By Margo Pfeiff
During Quebec’s long, nippy winters, locals like to thumb their noses at the weather and head outside to play in the snow and ice. Here are 10 ways to do so:
- Frozen Mardi Gras: party outside an ice palace, watch canoes race across the ice-chunky St. Lawrence River and hit Old Québec City’s streets, converted to a playground during the frozen Mardi Gras that is Carnaval de Québec, the world’s biggest winter carnival.
- Let the dogs do the driving: learn to mush husky dogs and go dogsledding through the forest, spending the night in a tipi.
- All-night party: celebrate winter during the 11-day Montréal en Lumiere by tasting international guest chefs’ creations, skating outdoors, watching light shows and dancing to live music on snowy streets during an all-night party on “Nuit Blanche.”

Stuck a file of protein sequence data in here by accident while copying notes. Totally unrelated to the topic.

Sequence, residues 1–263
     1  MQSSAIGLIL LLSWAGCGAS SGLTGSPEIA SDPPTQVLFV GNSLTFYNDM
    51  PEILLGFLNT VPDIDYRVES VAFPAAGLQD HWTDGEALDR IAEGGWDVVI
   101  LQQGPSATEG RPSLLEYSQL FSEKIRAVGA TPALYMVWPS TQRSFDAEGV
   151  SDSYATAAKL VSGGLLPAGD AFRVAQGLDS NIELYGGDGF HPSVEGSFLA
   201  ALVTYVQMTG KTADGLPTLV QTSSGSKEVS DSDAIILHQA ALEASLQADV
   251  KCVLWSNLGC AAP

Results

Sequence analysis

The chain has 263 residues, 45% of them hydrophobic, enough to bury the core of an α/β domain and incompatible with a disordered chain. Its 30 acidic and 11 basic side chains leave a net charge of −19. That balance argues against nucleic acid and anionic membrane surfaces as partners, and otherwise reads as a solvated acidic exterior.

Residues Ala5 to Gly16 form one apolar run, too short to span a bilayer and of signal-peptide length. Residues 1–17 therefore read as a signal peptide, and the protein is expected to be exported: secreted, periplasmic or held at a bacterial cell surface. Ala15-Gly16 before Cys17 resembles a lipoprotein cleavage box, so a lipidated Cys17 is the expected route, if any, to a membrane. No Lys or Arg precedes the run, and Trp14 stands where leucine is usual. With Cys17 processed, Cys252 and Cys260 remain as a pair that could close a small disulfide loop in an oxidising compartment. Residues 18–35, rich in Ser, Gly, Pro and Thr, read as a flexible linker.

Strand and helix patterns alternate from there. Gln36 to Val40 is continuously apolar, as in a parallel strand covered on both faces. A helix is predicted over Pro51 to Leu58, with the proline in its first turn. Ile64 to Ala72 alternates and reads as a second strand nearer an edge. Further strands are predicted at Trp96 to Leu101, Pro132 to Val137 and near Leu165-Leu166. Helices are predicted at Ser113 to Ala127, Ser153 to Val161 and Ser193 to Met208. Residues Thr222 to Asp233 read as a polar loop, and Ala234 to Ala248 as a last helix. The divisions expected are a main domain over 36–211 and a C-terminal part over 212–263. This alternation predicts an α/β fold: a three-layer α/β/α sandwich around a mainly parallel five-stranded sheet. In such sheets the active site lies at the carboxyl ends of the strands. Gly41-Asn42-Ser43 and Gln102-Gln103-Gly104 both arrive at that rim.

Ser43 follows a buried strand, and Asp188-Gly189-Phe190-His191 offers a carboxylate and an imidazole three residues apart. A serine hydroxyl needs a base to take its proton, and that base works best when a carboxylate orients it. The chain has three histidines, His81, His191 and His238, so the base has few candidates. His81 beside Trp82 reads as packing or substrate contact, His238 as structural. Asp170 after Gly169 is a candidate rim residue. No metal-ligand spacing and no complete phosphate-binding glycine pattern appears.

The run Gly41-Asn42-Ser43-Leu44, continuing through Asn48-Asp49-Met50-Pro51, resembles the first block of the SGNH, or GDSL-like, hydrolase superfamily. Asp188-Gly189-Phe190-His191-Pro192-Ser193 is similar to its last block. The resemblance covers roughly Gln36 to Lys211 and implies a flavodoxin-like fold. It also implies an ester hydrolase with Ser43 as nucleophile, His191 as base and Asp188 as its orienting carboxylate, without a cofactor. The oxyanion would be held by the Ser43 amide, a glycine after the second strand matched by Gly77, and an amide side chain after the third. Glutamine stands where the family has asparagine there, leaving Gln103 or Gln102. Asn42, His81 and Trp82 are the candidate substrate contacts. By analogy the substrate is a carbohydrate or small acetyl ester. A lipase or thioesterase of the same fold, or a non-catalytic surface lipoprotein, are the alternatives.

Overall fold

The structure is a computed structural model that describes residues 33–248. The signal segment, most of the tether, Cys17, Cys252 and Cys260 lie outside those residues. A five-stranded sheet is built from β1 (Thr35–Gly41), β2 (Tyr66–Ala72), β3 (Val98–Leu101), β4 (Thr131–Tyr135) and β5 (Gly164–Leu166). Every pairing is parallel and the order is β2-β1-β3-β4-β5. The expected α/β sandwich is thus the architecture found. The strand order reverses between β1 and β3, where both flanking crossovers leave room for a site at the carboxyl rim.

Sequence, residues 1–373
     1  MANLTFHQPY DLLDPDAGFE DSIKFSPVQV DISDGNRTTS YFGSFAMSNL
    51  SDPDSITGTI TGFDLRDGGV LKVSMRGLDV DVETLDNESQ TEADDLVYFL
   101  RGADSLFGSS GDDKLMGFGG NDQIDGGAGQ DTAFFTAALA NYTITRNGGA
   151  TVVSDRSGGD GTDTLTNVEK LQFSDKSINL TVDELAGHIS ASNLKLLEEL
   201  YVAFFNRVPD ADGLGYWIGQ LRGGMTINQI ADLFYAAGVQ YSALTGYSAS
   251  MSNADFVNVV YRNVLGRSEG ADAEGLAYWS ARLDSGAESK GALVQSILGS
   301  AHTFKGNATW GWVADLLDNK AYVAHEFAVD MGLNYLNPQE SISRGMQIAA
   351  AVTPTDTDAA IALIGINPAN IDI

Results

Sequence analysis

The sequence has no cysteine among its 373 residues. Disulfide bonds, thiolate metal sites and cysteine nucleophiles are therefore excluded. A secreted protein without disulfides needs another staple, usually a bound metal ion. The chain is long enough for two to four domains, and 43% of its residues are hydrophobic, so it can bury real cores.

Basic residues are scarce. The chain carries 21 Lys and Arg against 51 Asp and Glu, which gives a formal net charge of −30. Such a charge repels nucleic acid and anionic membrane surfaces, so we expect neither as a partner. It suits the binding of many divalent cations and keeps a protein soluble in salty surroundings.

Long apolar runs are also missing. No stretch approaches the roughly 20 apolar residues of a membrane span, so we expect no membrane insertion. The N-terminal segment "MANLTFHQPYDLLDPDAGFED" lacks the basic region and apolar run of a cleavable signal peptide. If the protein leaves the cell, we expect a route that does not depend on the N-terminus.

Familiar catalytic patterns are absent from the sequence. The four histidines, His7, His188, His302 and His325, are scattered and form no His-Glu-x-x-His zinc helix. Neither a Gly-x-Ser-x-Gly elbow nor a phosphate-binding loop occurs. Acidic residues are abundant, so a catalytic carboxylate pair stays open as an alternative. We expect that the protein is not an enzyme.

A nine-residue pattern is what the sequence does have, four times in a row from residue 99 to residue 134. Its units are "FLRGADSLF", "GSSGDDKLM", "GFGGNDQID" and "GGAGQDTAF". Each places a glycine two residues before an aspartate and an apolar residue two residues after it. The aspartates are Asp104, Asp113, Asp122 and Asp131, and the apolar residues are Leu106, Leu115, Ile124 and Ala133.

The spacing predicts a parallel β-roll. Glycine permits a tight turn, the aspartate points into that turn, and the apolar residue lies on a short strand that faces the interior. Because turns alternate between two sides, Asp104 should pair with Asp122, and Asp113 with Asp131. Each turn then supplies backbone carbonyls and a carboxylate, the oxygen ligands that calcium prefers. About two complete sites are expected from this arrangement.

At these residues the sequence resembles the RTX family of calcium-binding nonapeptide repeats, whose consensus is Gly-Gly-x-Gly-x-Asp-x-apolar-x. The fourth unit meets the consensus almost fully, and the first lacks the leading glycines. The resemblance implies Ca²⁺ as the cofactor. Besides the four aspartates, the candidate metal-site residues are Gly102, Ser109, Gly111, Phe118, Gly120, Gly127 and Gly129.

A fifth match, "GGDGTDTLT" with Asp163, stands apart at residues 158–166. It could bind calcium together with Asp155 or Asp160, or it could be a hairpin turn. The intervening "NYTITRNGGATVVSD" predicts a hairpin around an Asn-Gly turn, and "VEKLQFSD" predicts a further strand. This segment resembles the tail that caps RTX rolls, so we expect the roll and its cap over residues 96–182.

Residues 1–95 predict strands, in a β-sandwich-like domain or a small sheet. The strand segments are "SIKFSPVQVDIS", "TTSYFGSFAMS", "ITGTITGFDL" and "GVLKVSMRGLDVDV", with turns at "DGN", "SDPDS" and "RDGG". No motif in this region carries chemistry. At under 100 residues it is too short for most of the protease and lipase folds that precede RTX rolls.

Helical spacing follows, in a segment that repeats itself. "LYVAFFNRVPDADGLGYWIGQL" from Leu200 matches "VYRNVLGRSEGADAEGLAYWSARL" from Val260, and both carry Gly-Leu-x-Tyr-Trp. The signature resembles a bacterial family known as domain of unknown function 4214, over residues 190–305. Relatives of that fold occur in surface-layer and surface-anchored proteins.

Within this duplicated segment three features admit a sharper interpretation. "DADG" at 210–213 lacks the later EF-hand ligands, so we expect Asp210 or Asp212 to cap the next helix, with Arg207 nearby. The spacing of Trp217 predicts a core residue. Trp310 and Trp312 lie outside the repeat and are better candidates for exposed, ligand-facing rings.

- Dreams of ice: sleep in a hotel made of ice in the Québec City Ice Hotel on a bed made of ice, sipping vodka from a glass made of ice at a bar made of ice…
- Backcountry deluxe: snowshoe, backcountry ski and dine on gourmet cuisine in the middle of the Gaspé’s vast mountain and forest wilderness at the luxury Chic-Choc Mountain Lodge.
- Dance under the stars: strut your stuff at Igloofest, an outdoor winter festival that celebrates electronic music in the Old Port of Montréal.
- Ride the rails: a new train with fine dining now travels the scenic route from Québec City to Le Massif de Charlevoix, the province’s best-kept downhill skiing secret.
- Snow me the way: hop on a snowmobile and tour over 33,500 km (20,815 mi) of groomed and signposted trails crisscrossing the province. After all, local Quebec boy Joseph-Armand Bombardier dreamt them up here.
- Sipping cider: travel the ice cider route and visit a cider festival in the Montérégie region, sampling a chilled nectar made from frozen apples, Quebec’s unique, tart answer to icewine.
- Sugaring-off: tap your toes to traditional fiddling at a real sugar shack while dining on traditional Quebec winter cuisine including tourtière meat pies, then finish up with maple sugar pie or taffy pulled off a bed of snow.
Story and photo courtesy of the Canadian Tourism Commission.
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